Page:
Pinsard joined the army in 1906 and was decorated twice for service in Africa. In 1912, he transferred to the French Air Service and was serving with MS23 when the war began. On 8 February 1915, he was captured when his aircraft was forced down behind enemy lines. More than a year later, after several unsuccessful attempts, Pinsard and a fellow prisoner succeeded in tunneling through a 12 foot wall and escaped from a German prison. Promoted to Lieutenant and retrained on aircraft developed during his incarceration, he returned to combat duty with N26. Pinsard is believed to be the first frontline pilot to fly the SPAD VII in combat.
During World War II, Pinsard served with Groupe de Classe 21, losing a leg during a bombing raid on 6 June 1940. Post-war he was imprisoned for collaborating with the Nazis. He was later pardoned. General Pinsard died at the age of 66 in Paris.
Chevalier de la Légion d'Honneur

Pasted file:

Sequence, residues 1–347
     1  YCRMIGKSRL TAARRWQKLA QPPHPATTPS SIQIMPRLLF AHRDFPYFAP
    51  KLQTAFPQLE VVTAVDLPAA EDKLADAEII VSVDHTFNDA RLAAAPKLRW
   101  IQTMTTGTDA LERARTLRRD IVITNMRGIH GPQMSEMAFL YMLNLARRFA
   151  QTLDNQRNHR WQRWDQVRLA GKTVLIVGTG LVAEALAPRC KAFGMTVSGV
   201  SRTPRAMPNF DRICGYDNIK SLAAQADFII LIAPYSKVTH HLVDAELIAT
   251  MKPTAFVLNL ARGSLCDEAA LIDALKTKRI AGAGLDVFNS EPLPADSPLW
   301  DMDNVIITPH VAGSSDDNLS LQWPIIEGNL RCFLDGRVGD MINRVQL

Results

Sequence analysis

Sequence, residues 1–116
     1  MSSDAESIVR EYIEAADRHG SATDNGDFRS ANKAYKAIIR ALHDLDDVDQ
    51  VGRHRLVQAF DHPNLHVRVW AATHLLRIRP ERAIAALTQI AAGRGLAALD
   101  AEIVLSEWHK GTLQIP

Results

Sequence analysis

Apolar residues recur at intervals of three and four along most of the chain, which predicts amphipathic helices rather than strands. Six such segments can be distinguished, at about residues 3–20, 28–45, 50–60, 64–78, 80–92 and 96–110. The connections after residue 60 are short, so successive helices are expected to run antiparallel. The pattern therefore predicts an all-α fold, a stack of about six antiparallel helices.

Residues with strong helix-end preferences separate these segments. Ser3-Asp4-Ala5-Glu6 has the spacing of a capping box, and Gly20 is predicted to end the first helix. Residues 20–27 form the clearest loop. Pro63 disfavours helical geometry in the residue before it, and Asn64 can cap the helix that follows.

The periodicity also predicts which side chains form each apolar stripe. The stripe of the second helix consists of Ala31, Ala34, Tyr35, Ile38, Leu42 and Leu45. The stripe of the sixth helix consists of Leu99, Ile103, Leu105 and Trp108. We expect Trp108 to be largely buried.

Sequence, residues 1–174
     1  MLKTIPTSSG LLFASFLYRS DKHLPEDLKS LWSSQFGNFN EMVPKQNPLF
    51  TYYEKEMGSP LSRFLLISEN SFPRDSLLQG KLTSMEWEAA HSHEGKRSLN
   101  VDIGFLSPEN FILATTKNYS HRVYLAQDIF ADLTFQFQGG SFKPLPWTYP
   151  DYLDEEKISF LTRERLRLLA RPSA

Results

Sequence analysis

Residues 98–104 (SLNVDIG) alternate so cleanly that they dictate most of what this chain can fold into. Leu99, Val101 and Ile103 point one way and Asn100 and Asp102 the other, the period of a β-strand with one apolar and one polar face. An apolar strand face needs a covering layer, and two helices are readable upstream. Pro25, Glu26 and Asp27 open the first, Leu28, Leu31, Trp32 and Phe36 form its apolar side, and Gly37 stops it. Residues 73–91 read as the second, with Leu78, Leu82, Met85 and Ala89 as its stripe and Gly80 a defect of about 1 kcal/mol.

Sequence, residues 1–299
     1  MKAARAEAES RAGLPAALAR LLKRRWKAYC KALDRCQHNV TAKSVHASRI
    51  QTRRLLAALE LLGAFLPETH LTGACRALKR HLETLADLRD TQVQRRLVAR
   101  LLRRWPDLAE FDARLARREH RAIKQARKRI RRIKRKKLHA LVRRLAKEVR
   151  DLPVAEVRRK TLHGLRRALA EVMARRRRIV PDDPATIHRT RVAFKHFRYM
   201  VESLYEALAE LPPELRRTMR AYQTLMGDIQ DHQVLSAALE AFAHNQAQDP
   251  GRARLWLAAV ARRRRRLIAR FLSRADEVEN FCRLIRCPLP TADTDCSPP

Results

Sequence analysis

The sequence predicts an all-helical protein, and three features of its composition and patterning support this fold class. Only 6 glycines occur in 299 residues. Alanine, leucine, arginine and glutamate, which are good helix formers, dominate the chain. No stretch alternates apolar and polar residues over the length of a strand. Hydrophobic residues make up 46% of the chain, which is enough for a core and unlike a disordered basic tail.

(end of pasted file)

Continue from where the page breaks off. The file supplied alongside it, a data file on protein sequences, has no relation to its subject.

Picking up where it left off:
"Has shown, under particularly difficult circumstances, exceptional energy and tenacity. Posted to an escadrille de chasse, at his request, he has had numerous combats during the course of which his plane was riddled by bullets. On 7 August 1916, during an infantry attack, he made six strafing runs from a height of 200 meters as German reserves massed for a counter attack. Already cited twice." Chevalier de la Légion d'Honneur citation
Officier de la Légion d'Honneur
"Incomparable escadrille commander, and at the same time an admirable pilot. Constant example of self-denial, spirit and sacrifice, a model of bravery, audacity and strength. Possesses the highest qualities of a leading pilot. Seriously wounded in 1917, he returned to take his place at the front and continue his glorious exploits, bringing his total to 25 victories. Chevalier de la Légion d'Honneur for feats of war, cited 13 times in army orders." Officier de la Légion d'Honneur citation